FRUIT HEIGHTS -- The city of Fruit Heights has been hit by a recent spike in car and home burglaries.
All the burglaries appear to have one thing in common -- stolen prescription medications.
According to the police, in the past several months, the city has seen an increase in the number of burglaries in which the homeowners' opiate prescription pain killers, like Oxycodone, have gone missing.
Criminals are coming from other cities to burglarize Fruit Heights, said Sgt. Jennifer Daley of the Davis County Sheriff's Office.
"In this economy, people are really hurting," said Daley. "These are pretty powerful medications, and people will go to the ends of the earth to get it, since it is similar to heroin."
One of the biggest problems, authorities said, is residents still believe they live in a bedroom community, and they don't lock their car doors and houses.
As a result, many of the recent burglaries have occurred with little effort put forth by the burglars, who simply open an unlocked car or house door and help themselves to the owner's medications.
"These are crimes of opportunity, where the criminals don't even have to break a car window and can get items taken in just seconds," said Daley.
Another misconception for residents is how well they think they know their neighbors, authorities said.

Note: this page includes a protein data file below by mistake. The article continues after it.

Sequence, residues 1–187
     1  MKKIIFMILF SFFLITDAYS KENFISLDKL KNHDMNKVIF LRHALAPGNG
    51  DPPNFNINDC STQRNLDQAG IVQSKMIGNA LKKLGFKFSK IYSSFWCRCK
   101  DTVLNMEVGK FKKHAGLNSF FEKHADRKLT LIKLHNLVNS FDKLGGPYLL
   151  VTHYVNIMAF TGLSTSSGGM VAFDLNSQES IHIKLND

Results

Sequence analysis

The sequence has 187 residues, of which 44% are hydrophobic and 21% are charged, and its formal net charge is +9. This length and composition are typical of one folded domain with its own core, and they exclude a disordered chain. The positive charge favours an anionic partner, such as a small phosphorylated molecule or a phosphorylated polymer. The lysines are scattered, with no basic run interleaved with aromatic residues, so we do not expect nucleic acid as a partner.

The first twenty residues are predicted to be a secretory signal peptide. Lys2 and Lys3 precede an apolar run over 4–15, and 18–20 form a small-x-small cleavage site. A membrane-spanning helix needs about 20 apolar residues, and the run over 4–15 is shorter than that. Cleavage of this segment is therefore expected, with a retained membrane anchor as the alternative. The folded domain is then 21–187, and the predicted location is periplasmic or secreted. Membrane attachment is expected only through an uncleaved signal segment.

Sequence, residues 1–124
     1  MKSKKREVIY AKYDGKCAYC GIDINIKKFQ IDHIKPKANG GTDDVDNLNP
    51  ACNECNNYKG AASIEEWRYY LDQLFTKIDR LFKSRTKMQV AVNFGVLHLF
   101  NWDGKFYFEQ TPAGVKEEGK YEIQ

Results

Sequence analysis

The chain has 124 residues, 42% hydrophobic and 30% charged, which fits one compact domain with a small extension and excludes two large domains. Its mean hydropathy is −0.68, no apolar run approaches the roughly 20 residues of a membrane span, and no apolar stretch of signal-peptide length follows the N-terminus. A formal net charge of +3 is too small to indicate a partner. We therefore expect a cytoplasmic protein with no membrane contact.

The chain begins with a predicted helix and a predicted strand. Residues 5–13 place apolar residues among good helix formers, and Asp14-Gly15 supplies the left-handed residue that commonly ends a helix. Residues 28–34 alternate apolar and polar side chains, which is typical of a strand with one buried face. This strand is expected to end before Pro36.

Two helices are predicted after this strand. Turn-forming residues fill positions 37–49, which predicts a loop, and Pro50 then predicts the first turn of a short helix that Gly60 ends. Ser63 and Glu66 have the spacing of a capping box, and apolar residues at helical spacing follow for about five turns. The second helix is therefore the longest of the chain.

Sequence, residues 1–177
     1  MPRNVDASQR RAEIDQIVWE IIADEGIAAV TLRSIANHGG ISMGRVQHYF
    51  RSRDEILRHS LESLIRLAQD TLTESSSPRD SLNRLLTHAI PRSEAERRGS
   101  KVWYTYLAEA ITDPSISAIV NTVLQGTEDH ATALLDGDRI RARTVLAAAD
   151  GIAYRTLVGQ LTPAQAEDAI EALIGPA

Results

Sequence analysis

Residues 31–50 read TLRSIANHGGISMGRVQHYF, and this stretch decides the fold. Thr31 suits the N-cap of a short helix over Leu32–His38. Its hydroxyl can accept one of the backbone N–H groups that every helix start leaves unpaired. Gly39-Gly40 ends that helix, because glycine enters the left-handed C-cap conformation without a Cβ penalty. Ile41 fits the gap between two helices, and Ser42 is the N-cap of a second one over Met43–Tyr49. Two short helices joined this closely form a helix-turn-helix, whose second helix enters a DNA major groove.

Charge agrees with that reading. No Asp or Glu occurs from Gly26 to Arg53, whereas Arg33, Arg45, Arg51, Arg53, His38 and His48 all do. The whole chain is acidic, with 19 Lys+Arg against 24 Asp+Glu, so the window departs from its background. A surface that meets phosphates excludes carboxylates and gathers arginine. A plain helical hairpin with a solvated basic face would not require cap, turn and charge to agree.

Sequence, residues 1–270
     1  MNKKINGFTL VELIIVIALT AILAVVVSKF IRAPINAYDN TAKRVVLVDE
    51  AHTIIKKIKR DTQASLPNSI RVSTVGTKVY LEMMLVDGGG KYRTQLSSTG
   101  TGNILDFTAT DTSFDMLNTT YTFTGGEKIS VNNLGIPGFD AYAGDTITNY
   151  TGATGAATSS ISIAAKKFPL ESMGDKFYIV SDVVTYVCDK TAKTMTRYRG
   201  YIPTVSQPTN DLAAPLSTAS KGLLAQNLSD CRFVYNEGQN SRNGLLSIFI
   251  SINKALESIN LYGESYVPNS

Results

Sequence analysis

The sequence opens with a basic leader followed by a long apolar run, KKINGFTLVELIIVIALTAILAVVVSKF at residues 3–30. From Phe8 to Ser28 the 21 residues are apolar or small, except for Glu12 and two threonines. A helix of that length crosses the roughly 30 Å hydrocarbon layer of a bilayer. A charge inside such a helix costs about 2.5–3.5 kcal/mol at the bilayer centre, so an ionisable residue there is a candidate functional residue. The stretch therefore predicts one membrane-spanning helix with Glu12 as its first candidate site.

For instance, Daley said, an unsuspecting family may have a drug-addicted family member stealing from either the family or their neighbors.
Residents can help deter criminal activity at their house by locking their doors and leaving their porch lights on all night rather than turning them off at bedtime, Daley said.
"You think you are saving electricity, but that is when the criminals come out," said Daley.
Adding to the problem is how difficult it is for authorities to track criminals. Utah's dry climate, where the oils from fingers dry quickly, makes it hard to get fingerprints, Daley said.
Daley recommended putting prescription medications in a safe place within the home as drug-seeking criminals tend to know exactly where to look. Residents tend to keep their medications in the bathroom, she said.
Also, Daley said, criminals will look for items they can give to their drug dealer, such as phones and iPods.
The Davis County Sheriff's Office has a possible suspect in at least one of the burglaries and officials are currently following all leads.
Anyone with information can call the sheriff's office at 801-451-4100.